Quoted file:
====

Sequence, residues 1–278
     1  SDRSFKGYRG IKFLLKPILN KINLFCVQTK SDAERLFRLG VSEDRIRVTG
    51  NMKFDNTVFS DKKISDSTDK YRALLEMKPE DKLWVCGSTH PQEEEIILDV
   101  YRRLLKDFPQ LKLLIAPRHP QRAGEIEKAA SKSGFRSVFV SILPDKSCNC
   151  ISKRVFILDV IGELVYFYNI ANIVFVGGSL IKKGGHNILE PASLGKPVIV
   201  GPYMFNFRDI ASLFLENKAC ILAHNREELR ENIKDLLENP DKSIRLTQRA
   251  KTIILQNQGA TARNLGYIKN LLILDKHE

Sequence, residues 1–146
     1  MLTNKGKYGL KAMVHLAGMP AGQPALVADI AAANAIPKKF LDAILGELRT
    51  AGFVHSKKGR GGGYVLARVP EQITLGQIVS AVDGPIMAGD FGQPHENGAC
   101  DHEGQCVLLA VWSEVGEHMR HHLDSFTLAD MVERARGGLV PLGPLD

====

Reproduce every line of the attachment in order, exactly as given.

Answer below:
Sequence, residues 1–278
     1  SDRSFKGYRG IKFLLKPILN KINLFCVQTK SDAERLFRLG VSEDRIRVTG
    51  NMKFDNTVFS DKKISDSTDK YRALLEMKPE DKLWVCGSTH PQEEEIILDV
   101  YRRLLKDFPQ LKLLIAPRHP QRAGEIEKAA SKSGFRSVFV SILPDKSCNC
   151  ISKRVFILDV IGELVYFYNI ANIVFVGGSL IKKGGHNILE PASLGKPVIV
   201  GPYMFNFRDI ASLFLENKAC ILAHNREELR ENIKDLLENP DKSIRLTQRA
   251  KTIILQNQGA TARNLGYIKN LLILDKHE

Sequence, residues 1–146
     1  MLTNKGKYGL KAMVHLAGMP AGQPALVADI AAANAIPKKF LDAILGELRT
    51  AGFVHSKKGR GGGYVLARVP EQITLGQIVS AVDGPIMAGD FGQPHENGAC
   101  DHEGQCVLLA VWSEVGEHMR HHLDSFTLAD MVERARGGLV PLGPLD